5. Todd

    Todd Minister of Fire

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    No what I want is the flexibility of either or in one stove.
  6. Waulie

    Waulie Minister of Fire

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    I've played with this. Yes, you can do it. But, and this is important, you can only do it with smaller loads of wood. The reason is that closing the bypass is what really reduces your draft for a good cruise burn. You could risk overfire with a large load and not closing the bypass. Now, if you had really wet wood this might be a way to get it to burn. But, you already know better than to try and use wet wood. Really, no reason for it.
    Joful likes this.
  7. Machria

    Machria Minister of Fire

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    Here's a few more questions for the Progress Hybrid:

    1. This one really goes for any cat stove; What happens if you don't open the bypass when lighting a new fire? So the stove is cold, and your running the smoke thru the cat, does it get damaged/clogged...? Or does it just not burn the smoke....? AND, along the same lines, what happens at the end of a burn cycle? The bypass is closed but the temp of the fire/stove is going down quick....what happens to the cat?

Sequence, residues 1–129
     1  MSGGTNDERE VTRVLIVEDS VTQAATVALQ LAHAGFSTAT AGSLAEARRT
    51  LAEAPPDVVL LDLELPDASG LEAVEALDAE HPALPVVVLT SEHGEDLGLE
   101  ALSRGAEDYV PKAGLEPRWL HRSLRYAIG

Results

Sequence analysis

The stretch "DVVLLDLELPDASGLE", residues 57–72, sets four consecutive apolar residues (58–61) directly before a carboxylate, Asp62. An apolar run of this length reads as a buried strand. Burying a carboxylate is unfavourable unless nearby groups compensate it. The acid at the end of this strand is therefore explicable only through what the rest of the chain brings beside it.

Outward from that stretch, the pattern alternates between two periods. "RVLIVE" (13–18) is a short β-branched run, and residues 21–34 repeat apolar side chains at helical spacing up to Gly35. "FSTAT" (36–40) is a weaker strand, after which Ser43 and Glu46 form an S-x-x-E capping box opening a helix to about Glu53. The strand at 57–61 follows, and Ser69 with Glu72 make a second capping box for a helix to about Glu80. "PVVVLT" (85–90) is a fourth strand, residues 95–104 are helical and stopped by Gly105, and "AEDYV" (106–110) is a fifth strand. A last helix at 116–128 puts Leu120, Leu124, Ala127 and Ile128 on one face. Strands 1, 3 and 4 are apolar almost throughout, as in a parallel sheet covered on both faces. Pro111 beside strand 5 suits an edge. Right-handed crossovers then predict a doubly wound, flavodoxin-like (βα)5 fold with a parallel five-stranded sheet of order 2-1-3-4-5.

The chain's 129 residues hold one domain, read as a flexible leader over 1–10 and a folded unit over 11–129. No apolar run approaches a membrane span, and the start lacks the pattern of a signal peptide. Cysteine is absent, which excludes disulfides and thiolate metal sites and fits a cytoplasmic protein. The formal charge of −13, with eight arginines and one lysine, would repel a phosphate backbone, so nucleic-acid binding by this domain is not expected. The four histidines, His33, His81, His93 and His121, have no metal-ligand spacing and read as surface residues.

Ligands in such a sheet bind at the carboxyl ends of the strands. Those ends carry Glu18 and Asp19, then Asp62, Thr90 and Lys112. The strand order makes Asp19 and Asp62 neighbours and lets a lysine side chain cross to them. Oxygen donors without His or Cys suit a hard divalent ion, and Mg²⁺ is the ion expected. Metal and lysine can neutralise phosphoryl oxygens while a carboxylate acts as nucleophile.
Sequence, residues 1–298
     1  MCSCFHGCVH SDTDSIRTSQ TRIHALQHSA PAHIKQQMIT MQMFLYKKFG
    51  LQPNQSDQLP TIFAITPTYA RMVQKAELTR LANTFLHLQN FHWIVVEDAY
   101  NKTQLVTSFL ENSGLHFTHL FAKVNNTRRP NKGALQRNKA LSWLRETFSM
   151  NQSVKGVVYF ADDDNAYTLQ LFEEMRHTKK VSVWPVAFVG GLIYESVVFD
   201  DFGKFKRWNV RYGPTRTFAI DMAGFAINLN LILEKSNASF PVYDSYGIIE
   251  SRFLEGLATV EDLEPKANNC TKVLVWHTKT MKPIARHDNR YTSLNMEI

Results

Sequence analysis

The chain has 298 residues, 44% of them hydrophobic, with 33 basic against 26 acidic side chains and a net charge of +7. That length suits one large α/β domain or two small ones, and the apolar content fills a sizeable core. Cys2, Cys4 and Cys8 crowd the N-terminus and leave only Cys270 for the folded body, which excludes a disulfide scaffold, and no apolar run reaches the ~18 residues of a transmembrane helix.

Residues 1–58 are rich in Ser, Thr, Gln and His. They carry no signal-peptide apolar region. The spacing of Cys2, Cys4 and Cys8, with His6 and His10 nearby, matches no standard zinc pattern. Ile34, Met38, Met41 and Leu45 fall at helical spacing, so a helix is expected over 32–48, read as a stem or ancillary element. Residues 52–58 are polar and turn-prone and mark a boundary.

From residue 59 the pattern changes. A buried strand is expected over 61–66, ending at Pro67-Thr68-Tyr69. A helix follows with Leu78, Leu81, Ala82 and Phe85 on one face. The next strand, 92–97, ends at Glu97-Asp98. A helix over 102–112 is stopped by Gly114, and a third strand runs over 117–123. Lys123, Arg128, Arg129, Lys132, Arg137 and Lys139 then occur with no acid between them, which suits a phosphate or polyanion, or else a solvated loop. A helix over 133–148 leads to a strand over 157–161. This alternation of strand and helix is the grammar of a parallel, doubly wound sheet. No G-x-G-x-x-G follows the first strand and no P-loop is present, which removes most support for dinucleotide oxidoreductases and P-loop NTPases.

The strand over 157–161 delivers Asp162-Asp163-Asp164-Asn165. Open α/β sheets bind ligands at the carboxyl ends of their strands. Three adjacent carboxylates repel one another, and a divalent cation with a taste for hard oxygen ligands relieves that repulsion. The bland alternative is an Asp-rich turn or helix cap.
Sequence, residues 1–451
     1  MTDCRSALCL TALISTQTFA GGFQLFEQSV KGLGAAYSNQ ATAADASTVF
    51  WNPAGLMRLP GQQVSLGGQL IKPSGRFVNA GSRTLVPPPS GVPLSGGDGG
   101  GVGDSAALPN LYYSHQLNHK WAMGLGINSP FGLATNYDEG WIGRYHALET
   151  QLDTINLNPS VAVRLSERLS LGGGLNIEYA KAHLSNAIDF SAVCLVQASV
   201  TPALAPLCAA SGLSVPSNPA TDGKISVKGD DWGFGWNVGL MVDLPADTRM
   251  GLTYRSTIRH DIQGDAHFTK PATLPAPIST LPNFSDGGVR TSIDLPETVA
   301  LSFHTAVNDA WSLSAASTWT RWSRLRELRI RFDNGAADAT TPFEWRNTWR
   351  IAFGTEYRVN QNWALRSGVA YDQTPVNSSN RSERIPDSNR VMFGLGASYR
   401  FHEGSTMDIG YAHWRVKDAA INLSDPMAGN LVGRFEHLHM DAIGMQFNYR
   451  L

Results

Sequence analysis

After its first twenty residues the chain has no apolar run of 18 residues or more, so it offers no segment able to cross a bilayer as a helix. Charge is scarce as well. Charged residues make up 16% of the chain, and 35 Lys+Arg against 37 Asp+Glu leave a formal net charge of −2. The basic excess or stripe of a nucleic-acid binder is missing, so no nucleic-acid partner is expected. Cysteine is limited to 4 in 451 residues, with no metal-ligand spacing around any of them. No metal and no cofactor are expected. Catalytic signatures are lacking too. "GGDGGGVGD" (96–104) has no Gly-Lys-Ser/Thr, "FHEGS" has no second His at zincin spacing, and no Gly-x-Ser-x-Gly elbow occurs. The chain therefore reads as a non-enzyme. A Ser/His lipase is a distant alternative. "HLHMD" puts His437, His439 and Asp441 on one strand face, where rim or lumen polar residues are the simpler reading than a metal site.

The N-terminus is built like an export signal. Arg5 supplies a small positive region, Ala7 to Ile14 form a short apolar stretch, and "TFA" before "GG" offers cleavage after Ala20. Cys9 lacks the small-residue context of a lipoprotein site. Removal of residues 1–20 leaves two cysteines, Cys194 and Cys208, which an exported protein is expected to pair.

2. With a normal fire going strong, can you boil water on top of the soapstone? Or is it not hot enough, and you must put a pot on the cook top by lifting the stone?

    3. Since we are on subject of it's cooktop, any pics of the new cooktop? The website only shows drawings of it? How about a few pics!

    4. Anyone on Long Island have one? Would love to see one in person.....
  8. Joful

    Joful Minister of Fire

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    My experience is the same as Waulie's... a cat stove in bypass could be a bit difficult to control with the bypass open and a large load in the stove. I think there's good reason they tell you to only do your first small load in bypass, and then engage the damper as you add medium and larger splits. Do you have a specific interest in running the stove in bypass?